My methodology this time around was to pull out my phone and literally look first at the apps I use the most – what do I open daily. I then brainstormed a list of other things that I “do” on the web – primarily from my computer. Lastly, I thought about areas that I dabble in and would like to definitely grow in my participation as a resident.

Looking at my list of “apps” or “networks” I then quickly ranked each of them in terms of which receives my greatest involvement.

I included the mail icon not to represent e-mail which I really wouldn’t consider to add to my V&R map, only because it is often supports closed 1-1 communication, but chose to include if for the purposes of listservs or mailing lists which are a large part of my networks. Particularly the ones I am most active with professionally include EDUCAUSE, T3G, and LCI. Personally, this is how much of my kid’s communication in various extracurricular activities is handled.

Google is how I conduct most of my searching on the web for both personal and professional use but is largely in the visitor realm with an occasional comment.

I added Amazon this time around because of a recent conversation I had with my husband who has become more active in providing reviews on Amazon – apparently there are some benefits to your prime membership the more active of a reviewer you are. I’ve rarely offered reviews on things I’ve purchased but certainly appreciate and benefit from other’s reviews so it seemed to me this is another space that could warrant an opportunity to be more of a resident.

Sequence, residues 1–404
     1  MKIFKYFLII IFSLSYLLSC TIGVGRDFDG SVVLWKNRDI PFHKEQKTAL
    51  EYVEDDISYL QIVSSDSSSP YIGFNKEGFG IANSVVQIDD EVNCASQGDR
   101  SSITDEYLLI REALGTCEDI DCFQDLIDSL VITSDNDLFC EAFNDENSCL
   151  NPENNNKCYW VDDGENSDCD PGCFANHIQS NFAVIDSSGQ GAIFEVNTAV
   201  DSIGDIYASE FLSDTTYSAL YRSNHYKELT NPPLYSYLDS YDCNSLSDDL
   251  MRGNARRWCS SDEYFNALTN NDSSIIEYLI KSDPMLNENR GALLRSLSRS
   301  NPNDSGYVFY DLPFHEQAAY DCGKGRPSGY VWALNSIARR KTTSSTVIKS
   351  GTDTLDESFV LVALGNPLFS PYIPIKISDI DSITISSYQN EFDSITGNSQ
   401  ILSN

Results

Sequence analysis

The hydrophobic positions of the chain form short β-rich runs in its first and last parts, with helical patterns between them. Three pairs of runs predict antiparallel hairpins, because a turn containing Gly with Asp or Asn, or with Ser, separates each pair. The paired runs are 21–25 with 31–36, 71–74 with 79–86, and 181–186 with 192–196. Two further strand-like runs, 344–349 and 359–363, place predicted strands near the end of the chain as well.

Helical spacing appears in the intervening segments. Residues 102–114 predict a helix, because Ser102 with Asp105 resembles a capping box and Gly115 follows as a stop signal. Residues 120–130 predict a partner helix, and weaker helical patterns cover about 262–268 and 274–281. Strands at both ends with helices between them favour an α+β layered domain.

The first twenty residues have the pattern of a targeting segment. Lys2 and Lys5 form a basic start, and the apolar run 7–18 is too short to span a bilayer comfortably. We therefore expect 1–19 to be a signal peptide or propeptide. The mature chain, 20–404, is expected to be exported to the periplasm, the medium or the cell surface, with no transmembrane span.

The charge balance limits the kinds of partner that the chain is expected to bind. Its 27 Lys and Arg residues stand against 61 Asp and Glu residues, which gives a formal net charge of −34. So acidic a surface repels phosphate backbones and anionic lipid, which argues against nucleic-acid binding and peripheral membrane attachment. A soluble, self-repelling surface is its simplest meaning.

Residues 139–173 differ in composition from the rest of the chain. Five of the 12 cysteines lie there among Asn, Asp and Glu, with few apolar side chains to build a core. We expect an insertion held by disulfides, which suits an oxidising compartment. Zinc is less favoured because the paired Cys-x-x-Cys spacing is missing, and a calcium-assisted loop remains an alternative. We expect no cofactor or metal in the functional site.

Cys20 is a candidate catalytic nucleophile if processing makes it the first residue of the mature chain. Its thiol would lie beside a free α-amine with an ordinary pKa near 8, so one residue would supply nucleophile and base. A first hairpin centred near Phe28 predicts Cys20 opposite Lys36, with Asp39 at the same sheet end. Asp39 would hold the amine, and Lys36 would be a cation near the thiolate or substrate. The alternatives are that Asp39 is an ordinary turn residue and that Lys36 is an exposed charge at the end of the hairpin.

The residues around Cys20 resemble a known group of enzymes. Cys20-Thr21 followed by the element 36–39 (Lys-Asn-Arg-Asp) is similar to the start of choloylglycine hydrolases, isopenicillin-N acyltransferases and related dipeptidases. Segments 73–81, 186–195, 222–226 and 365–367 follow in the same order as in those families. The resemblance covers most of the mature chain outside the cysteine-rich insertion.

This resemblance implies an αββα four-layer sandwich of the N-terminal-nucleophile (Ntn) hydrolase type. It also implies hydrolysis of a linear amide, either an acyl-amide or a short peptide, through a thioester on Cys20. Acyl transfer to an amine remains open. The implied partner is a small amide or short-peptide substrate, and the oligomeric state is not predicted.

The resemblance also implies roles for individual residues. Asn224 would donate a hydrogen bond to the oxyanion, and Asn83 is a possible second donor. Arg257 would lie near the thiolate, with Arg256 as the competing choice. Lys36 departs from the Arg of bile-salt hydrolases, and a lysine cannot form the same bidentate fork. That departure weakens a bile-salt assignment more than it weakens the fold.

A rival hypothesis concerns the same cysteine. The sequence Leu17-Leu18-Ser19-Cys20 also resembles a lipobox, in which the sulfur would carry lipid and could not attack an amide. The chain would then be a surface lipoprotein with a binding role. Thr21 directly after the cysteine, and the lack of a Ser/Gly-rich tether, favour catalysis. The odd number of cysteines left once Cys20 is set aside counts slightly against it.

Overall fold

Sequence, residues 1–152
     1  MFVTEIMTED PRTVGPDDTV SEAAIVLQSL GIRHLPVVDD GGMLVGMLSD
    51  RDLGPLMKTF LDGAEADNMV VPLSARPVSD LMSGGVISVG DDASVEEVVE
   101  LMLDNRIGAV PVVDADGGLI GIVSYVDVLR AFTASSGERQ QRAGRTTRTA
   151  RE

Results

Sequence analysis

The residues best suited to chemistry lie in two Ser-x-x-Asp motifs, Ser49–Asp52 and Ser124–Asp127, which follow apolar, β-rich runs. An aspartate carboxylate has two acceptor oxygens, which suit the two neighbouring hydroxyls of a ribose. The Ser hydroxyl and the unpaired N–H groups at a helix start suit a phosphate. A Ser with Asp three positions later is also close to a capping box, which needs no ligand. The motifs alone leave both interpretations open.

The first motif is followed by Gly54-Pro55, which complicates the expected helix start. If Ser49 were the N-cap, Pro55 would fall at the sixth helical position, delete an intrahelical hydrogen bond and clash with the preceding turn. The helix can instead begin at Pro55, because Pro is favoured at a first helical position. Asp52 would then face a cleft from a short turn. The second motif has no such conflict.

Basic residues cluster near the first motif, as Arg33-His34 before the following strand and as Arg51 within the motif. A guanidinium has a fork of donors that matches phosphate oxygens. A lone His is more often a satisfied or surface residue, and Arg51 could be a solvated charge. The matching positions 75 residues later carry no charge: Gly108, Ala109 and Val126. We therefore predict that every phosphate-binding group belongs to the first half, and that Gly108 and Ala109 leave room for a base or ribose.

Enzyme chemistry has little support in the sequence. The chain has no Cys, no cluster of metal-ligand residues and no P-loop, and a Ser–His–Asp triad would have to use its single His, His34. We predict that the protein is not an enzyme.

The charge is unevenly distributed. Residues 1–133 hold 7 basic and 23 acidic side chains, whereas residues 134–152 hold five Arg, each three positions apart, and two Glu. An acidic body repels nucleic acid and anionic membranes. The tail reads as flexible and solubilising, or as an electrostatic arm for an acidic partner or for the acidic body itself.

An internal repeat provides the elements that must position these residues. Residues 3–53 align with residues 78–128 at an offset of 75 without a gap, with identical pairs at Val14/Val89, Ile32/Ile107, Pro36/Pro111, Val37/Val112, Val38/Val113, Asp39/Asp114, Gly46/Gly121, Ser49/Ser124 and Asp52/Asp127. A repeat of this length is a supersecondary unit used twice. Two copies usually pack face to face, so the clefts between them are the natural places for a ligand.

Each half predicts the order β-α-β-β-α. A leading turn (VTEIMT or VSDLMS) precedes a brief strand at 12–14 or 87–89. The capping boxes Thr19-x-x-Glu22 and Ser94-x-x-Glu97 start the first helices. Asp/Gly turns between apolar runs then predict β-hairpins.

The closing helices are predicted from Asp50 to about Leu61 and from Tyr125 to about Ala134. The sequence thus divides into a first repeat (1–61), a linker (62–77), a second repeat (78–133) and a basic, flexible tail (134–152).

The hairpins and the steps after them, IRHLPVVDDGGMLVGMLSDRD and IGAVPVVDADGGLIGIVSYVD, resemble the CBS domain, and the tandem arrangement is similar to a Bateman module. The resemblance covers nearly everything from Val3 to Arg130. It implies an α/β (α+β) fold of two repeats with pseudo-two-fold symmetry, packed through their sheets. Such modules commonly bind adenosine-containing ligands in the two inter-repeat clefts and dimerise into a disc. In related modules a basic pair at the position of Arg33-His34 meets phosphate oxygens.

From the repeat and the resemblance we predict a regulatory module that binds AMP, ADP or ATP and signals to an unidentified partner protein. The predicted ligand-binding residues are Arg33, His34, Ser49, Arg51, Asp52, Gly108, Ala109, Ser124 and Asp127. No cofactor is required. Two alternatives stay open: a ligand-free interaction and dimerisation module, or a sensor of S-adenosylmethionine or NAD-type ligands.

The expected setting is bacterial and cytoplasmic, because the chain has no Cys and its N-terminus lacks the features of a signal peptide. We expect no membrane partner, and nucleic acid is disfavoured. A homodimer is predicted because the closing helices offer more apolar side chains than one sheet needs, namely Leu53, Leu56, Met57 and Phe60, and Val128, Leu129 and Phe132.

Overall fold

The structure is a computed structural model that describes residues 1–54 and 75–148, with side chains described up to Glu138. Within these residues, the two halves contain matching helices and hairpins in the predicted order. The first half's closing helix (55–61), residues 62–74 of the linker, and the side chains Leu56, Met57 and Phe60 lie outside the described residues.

The Wikipedia logo is to represent wikis in general – not necessarily Wikipedia. For example, my son’s Nordic Ski information is handled almost entirely via a wiki – PBworks – something I have to interact with daily.

As I look at my map and previous maps, the one thing that seems consistent is that I have a lot of space around the margins. I’d interpret this to mean that I’m kind of in my comfort zone and need to push the boundaries a bit more – particularly in the resident arena.

September 2016
August 2016

I also look at the areas that seem to be where I spend my most time and I find myself asking if that helps bring the greatest value to my digital self. Would growing the other areas be more beneficial? More enjoyable? Would there be benefit gained in shifting my USE of some of the tools where it seems I have the greatest networks from personal to professional and vice-versa?

I don’t think I have the answers to these questions quite yet, but the visual certainly causes me to pause and think a bit more strategically about my digital self, professional goals, and personal enjoyment. Maybe my next V&R map will be of what I’d LIKE it to be 😉 #goals

I had a great conversation with my 14-year-old son about this exercise as he saw me working on it and was curious. He didn’t care for the terms “visitor” or “resident” but felt the terms “spectator” and “content creator” were more appropriate. It was awesome to see that he immediately understood the concept of the exercise and was able to translate it into his own terms and relevance for himself. I’ll ask him to do his own V&R so I can share with you.